|Publication number||US6351887 B1|
|Application number||US 09/518,317|
|Publication date||Mar 5, 2002|
|Filing date||Mar 3, 2000|
|Priority date||Mar 3, 2000|
|Publication number||09518317, 518317, US 6351887 B1, US 6351887B1, US-B1-6351887, US6351887 B1, US6351887B1|
|Original Assignee||Peter Hurst|
|Export Citation||BiBTeX, EndNote, RefMan|
|Patent Citations (12), Non-Patent Citations (6), Referenced by (13), Classifications (18), Legal Events (3)|
|External Links: USPTO, USPTO Assignment, Espacenet|
1. Field of the Invention
The field of the present invention relates generally to scraping and cutting implements. More particularly, the present invention relates to combination scraping and cutting implements for use in restaurants and the like having flat top grills.
Most restaurants have one or more flat top grills or griddles that provide a relatively flat, hot cooking surface for cooking hamburgers, eggs, pancakes and many other food items thereon. Spatulas and long handled forks are frequently used to cook the food (i.e., flip it over or move it around) and to place the food on a serving plate. As is well known in the industry, the cooked food items almost always leave behind grease, particles of food and other material on the grill that must be cleaned off the grill prior to use of the grill for the next food item. For instance, grease from cooked food is scraped away to a grease drain. When cooking food, it is often necessary to spread cooking grease, butter or other materials on the grill to coat and lubricate that portion of the grill where the food item is to be cooked.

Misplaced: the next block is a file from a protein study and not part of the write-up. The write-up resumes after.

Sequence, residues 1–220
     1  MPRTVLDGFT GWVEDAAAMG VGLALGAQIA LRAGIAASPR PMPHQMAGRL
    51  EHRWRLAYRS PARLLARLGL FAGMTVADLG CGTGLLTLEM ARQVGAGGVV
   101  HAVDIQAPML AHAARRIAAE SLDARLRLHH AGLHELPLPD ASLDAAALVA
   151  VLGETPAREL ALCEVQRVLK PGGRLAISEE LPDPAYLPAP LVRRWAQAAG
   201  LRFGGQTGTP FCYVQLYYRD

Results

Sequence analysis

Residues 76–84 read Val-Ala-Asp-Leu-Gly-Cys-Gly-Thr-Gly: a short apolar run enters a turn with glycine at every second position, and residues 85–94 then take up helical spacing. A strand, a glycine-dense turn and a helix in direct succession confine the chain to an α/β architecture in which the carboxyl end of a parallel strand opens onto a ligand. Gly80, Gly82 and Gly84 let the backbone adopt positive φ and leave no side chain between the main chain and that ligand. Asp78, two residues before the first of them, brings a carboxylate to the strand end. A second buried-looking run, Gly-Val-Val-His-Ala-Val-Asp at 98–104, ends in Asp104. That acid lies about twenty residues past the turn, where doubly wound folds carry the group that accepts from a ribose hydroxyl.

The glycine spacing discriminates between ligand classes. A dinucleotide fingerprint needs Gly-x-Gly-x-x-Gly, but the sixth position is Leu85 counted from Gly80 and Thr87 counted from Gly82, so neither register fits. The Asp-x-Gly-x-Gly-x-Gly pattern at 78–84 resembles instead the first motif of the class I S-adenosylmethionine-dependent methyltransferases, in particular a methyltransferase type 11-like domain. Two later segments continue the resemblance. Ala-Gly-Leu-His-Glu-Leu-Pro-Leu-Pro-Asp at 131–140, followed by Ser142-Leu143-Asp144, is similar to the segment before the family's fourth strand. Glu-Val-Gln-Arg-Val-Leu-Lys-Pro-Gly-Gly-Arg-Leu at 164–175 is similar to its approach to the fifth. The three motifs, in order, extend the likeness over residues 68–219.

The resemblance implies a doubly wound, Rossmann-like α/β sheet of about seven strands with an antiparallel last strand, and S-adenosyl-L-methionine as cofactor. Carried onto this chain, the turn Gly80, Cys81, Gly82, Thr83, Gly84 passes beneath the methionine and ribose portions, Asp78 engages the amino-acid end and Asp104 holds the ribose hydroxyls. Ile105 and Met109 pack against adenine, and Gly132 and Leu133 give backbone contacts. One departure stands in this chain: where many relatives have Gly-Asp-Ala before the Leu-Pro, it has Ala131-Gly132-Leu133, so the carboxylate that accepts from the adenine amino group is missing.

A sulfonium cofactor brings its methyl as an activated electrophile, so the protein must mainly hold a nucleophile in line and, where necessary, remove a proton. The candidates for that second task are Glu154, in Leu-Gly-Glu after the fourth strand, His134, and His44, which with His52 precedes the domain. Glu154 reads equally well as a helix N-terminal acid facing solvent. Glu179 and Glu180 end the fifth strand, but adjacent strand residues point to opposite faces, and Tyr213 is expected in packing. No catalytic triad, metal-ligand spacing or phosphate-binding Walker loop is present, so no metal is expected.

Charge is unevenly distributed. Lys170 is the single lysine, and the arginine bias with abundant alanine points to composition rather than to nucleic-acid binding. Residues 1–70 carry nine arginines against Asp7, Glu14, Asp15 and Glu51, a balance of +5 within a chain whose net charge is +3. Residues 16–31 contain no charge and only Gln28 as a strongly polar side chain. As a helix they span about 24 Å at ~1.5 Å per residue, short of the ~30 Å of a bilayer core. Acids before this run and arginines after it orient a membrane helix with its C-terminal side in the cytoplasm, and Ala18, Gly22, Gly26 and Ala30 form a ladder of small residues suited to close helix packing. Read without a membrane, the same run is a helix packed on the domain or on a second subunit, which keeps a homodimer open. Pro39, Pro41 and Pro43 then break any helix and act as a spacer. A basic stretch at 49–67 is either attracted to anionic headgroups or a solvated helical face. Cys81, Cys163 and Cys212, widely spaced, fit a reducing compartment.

Current tools for scraping away grease and other materials off a grill include the block scraper, plane scraper and griddle scraper. The block scraper, used by many meat departments and bakeries, comprises a small, generally rectangularly shaped block having a knife edge protruding from one edge. The block portion of the block scraper is typically only one to two inches in depth and the knife portion protrudes approximately three to six inches from one edge of the block. A major problem with use of the block scraper to clean grills is that the user's fingers tend to go over the block and contact the metal knife portion of the block scraper. If the block scraper has been left on the grill, then the metal portion of the block scraper will be very hot and can severely burn that portion of the user's fingers that contact the metal. As such, if the block scraper has been left on or too near the grill, then the user tends not to use the scraper until it has a chance to cool off. In addition, because the metal portion of the block scraper is generally too short, grease or other material tends to easily splash up onto the user's fingers or hand.